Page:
• Our Australian Cattle Dog/Blue Heeler size chart estimates your puppy’s growth by weight and age until they reach maturity around 18-24 months old.
  • Blue Heelers puppies are genetically predisposed to certain hereditary health issues, but pet insurance can provide a financial safety net for veterinary expenses throughout their life.


  1. American Kennel Club, “Official Standard of the Australian Cattle Dog” Accessed Aug. 17, 2021.
  2. Australian Cattle Dog Club of America, “Results of ACD Health Survey” Accessed Aug. 17, 2021.
  3. Memphis Veterinary Specialists & Emergency, “Surgery for Hip Dysplasia in Dogs” Accessed Aug. 17, 2021.

Do you want to find the best pet insurance?

Let's analyze your pet's breed, age, and location to find the right coverage and the best savings. Ready?

Analyze My Pet

About Pawlicy Advisor

The pet insurance marketplace endorsed by veterinarians, at Pawlicy Advisor we make buying the best pet insurance easier. By comparing personalized coverage and pricing differences we can save you a ton of money, up to 83% in some instances!

Pawlicy Advisor helping a pet parent and their dog find a great deal on insurance

Instantly Compare Pet Insurance Plans

Get Quotes


How Pet Insurance Works

How To Compare Plans

Determine If Pet Insurance Is Worth It

Determine If Wellness Plans Are Worth It

Vet Visit Costs

New Puppy Checklist

Comparison Charts

ASPCA vs. Pets Best

Pets Best vs. Embrace

Embrace vs. Pumpkin

Pumpkin vs. MetLife

More Comparison Charts

Find Your State

New Jersey





New York



More States

Dog Insurance

German Shepherd




English Bulldog

French Bulldog

Great Dane





More Breeds

Ricky Walther, DVM

Dr. Ricky Walther

Ricky Walther, DVM, is a small animal general practitioner in the greater Sacramento, California area. Realizing the positive financial and medical impact that pet insurance can provide for pet parents and the profession, he lends support and advice to companies like Pawlicy Advisor "The Pet Insurance Marketplace") that simplify the process of connecting with veterinary financing resources.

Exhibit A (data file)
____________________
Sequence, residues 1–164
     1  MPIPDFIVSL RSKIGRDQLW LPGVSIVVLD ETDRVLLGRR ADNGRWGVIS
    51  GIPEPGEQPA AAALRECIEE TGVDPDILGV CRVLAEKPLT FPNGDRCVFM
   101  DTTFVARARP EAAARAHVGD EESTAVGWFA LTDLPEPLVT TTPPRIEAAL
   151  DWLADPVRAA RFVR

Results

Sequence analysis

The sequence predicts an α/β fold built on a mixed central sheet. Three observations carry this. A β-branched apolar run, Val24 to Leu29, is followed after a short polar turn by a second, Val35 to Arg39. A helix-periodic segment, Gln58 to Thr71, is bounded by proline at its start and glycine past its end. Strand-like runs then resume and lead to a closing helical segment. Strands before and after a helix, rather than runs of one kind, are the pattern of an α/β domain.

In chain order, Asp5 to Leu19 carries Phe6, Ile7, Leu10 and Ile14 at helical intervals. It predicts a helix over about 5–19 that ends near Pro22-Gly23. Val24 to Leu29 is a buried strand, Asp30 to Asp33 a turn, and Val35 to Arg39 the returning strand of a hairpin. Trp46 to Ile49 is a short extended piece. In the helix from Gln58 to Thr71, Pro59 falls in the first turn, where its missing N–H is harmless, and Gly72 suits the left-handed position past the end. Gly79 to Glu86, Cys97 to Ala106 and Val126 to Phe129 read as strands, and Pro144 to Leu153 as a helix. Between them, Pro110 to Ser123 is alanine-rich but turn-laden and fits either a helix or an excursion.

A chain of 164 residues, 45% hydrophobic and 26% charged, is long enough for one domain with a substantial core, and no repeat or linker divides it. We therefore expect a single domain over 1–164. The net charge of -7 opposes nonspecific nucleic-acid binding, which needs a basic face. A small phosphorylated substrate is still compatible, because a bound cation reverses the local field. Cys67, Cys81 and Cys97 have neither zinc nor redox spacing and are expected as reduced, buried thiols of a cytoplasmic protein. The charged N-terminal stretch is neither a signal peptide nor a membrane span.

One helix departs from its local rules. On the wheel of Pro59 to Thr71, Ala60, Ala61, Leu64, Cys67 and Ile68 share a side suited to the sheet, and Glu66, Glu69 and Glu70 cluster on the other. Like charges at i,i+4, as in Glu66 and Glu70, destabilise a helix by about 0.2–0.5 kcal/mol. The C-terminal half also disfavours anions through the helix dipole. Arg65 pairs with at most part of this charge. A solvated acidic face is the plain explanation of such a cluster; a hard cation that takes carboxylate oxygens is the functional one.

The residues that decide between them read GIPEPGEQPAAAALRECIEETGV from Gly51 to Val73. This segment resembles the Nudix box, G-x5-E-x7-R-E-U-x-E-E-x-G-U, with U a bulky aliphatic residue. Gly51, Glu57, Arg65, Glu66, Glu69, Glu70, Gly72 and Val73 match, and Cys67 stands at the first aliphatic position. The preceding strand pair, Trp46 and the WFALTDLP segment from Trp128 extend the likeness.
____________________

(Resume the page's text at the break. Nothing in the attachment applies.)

More on Puppy Care

how to take care of a puppy
7 minute read

How To Take Care Of A Puppy

vet giving puppy first year shot
10 minute read

Puppy Vaccine Schedule

how to puppy proof your house
10 minute read

How To Puppy-Proof Your House

household hazards for dogs and puppies
8 minute read

Household Hazards For Dogs & Puppies

common puppy illnesses
5 minute read

5 Common Illnesses In Puppies To Watch Out For

mixed breed puppy with parvovirus at the veterinary clinic
7 minute read

Parvo in Puppies: Everything You Need to Know

accidents in puppies
5 minute read

Most Common Accidents In Puppies By Pet Insurance Claim

deworming puppies
10 minute read

Puppy Deworming Schedule

parasites in puppies
8 minute read

Common Parasites In Puppies

Puppy lying on examination table with IV fluid
6 minute read

Coccidia in Puppies: Symptoms, Diagnosis, Treatment

Back to Blog
A family with pets that are insured by Pawlicy Advisor
Pawlicy Advisor is the leading independent marketplace for finding the best coverage for your pet at the lowest rate.
Join 2,438,795+ insured dogs and cats across the US.
Get a Quote
Our pet insurance partners
ASPCA Pet Health Insurance Logo
Pets Best Pet Insurance Logo
Embrace Pet Insurance Logo
Pumpkin Pet Insurance Logo
MetLife Pet Insurance Logo
Prudent Pet Insurance Logo